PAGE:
Wednesday, November 20, 2013

Fall Poetry:Rylant

In November, the earth is growing quiet.
It is making its bed,
a winter bed for flowers and small creatures.
The bed is brown* and silent,
and much life can hide beneath its blankets.

In November, the trees are standing all sticks and bones.
Without their leaves,
how lovely they are,
spreading their arms like dancers.
They know it is time to be still.

In November, some birds move away and some birds stay.
The air is full of good-byes and well-wishes.
The birds who are leaving look very serious.
No silly spring chirping now.
They have long journeys
and must watch where they are going.
The staying birds are serious, too,
for cold times lie ahead.
Hard times.
All berries will be treasures.

In November, animals sleep more.
The air is chilly and they shiver.
Cats pile up in the corners of barns
Mice pile up under logs.
Bees pile up in deep, earthy holes.
And dogs lie before the fire.

In November, the smell of food is different.
It is an orange smell.
A squash and a pumpkin smell.
It tastes like cinnamon
and can fill up a house in the morning,
can pull everyone from bed in a fog.
Food is better in November
than any other time of the year.

In November, people are good to each other.
They carry pies to each other's homes
and talk by crackling wood stoves,
sipping mellow cider.
They travel very far on a
special November day just to
share a meal with one another
and to give thanks for their
many blessings -
for the food on their tables
and the babies in their arms.
And then they travel back home.

In November, at winter's gate,
the stars are brittle.
The sun is a sometimes friend.
And the world has tucked her children in,
with a kiss on their heads,
till spring.

Cynthia Rylant

*I changed this word from white to brown because where I live there is never any snow in November ~

Friday, November 15, 2013

Fall Poetry:McEntyre

See how she turns to greet what comes,
surprised but untroubled, not quite
welcoming.  She looks askance
at one who has, unmasking, disturbed her
solitude.  Her greeting concedes what it must,
but she remains turned to purpose of her own.

This, too, she will turn to her purposes,
an encounter she expected, not knowing
just when, or what she should expect.
She has kept her own counsel;
It will serve her now.

Breeding has taught her that all-bearing look.
Poised to take what comes, she receives
with grace, gives back what befits
her modesty and station.

Cordelia would have done no more.

Richly presentable in linen and pearls,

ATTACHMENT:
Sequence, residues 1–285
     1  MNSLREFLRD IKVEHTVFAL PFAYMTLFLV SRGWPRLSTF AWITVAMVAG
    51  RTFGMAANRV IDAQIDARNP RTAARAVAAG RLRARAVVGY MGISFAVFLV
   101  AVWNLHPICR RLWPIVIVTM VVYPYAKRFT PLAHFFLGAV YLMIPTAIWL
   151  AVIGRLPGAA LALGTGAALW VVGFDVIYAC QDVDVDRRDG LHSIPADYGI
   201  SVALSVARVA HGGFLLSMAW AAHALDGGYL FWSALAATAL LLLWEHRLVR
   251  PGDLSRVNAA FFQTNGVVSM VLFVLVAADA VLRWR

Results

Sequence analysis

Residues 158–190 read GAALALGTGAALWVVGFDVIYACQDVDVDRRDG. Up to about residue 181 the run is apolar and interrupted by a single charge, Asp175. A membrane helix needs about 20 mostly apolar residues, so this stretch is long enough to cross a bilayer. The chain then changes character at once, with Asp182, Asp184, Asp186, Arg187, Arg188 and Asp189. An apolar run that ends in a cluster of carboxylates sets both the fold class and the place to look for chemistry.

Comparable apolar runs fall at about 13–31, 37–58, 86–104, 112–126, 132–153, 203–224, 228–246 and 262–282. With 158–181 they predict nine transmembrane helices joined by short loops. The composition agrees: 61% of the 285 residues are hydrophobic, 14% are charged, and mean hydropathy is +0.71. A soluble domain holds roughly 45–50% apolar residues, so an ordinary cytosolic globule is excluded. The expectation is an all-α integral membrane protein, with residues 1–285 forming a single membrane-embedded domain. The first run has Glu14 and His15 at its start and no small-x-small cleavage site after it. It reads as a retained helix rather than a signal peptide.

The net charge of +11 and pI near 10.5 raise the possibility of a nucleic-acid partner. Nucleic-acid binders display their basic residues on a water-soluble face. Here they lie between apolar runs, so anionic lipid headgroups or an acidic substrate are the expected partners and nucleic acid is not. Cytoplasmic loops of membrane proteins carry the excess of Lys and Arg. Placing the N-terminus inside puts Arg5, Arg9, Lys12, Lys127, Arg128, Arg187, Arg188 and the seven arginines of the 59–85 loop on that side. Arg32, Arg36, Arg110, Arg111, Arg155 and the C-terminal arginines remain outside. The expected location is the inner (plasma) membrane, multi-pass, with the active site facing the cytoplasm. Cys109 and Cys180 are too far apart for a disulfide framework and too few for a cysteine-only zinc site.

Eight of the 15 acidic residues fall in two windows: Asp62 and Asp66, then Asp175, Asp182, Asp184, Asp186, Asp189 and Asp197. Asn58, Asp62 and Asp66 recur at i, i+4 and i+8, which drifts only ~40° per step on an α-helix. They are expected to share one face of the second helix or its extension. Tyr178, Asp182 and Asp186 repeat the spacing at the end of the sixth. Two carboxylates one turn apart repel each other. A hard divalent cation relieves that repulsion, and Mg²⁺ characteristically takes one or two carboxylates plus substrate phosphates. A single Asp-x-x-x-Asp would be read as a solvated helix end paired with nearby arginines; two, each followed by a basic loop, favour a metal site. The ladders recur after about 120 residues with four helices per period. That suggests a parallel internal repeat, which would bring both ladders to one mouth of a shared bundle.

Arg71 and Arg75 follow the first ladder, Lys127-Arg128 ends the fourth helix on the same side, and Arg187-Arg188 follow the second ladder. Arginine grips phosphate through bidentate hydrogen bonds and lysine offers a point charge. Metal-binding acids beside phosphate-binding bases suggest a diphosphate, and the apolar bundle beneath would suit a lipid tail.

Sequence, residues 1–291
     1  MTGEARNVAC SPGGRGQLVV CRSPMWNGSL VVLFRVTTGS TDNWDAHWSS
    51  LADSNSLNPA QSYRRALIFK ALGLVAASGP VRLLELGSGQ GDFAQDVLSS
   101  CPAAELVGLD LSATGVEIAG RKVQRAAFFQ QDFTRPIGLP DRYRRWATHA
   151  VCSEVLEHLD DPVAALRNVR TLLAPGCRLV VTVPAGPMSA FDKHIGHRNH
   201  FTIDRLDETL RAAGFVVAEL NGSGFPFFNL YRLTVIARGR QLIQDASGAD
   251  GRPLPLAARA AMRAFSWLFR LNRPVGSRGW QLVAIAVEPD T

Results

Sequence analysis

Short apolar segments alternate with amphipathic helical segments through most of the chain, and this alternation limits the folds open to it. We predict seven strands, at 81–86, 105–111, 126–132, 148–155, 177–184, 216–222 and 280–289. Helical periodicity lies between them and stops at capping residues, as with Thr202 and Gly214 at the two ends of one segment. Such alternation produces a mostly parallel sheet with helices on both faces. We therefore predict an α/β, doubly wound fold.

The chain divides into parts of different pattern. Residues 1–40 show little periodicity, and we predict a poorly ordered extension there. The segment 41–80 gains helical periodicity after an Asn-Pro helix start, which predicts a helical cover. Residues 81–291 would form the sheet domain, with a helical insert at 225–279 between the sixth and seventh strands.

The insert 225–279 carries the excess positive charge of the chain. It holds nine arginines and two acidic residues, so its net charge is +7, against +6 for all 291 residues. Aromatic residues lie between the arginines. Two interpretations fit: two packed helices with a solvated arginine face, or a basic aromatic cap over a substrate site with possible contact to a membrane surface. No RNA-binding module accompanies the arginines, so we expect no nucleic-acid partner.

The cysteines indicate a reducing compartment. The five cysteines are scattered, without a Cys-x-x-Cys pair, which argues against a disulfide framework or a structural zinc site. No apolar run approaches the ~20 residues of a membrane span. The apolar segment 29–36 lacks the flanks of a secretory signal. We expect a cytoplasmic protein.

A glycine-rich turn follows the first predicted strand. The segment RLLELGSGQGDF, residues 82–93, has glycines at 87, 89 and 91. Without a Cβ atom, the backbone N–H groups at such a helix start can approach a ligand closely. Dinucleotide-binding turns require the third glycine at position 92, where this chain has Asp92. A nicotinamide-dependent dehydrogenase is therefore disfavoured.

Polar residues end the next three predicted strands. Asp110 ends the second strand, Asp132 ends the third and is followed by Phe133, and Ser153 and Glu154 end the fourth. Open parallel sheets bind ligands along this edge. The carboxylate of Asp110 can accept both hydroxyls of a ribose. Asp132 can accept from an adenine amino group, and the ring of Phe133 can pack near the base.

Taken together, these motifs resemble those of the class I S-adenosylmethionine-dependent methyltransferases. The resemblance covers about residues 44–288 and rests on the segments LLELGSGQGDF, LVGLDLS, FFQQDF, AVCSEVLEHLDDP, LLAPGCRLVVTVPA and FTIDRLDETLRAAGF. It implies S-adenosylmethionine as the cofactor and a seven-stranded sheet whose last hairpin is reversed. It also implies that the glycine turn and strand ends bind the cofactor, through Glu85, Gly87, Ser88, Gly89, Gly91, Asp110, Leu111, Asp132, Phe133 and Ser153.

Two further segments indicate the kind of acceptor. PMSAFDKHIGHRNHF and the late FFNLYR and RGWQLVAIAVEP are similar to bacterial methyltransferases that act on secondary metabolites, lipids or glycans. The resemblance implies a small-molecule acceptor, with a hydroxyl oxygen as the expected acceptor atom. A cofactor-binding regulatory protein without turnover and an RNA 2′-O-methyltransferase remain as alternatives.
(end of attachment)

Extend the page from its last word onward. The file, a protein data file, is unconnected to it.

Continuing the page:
wrapped in a light that fits her like her scarves,
she rises to the occasion, self-possessed,
accustomed to possession,
relinquishing solitude with dignity,
who will not be forced,
neither eager not reluctant,
not defensive, not submissive,
willing to speak her "Fiat mihi"
In her own time.

Marilyn Chandler McEntyre

Monday, November 11, 2013

Fall Poetry:Paine

THESE are the times that try men's souls.

The summer soldier and the sunshine patriot will, in this crisis, shrink from the service of their country; but he that stands by it now, deserves the love and thanks of man and woman.

Tyranny, like hell, is not easily conquered; yet we have this consolation with us, that the harder the conflict, the more glorious the triumph.

What we obtain too cheap, we esteem too lightly: it is dearness only that gives every thing its value.

Heaven knows how to put a proper price upon its goods; and it would be strange indeed if so celestial an article as FREEDOM should not be highly rated.

Thomas Paine
The American Crisis

Sunday, November 10, 2013

Fall Poetry:Bonar

Thy way, not mine, O Lord,
However dark it be;
Lead me by Thine own hand,
Choose out the path for me.

Smooth let it be or rough,
It will be still the best;
Winding or straight, it leads
Right onward to Thy rest.

I dare not choose my lot;
I would not, if I might;
Choose Thou for me, my God,
So I shall walk aright.

Take Thou my cup, and it
With joy or sorrow fill,
As best to Thee may seem;
Choose Thou my good and ill.

Choose Thou for me my friends,
My sickness or my health;
Choose Thou my cares for me
My poverty or wealth.

The kingdom that I seek
Is Thine: so let the way
That leads to it be Thine,
Else I must surely stray.

Not mine, not mine the choice
In things or great or small;
Be Thou my Guide, my Strength
My Wisdom, and my All.

Horatius Bonar
Scottish churchman/poet
Tune: Invitation by Maker

Thursday, November 07, 2013

Fall Poetry:Hood

No sun--no moon!
No morn--no noon!
No dawn--no dusk--no proper time of day--
No sky--no earthly view--
No distance looking blue--
No road--no street--no "t'other side this way"--
No end to any Row--
No indications where the Crescents go--
No top to any steeple--
No recognitions of familiar people--
No courtesies for showing 'em--
No knowing 'em!
No traveling at all--no locomotion--
No inkling of the way--no notion--
"No go" by land or ocean--
No mail--no post--
No news from any foreign coast--
No Park, no Ring, no afternoon gentility--
No company--no nobility--
No warmth, no cheerfulness, no healthful ease,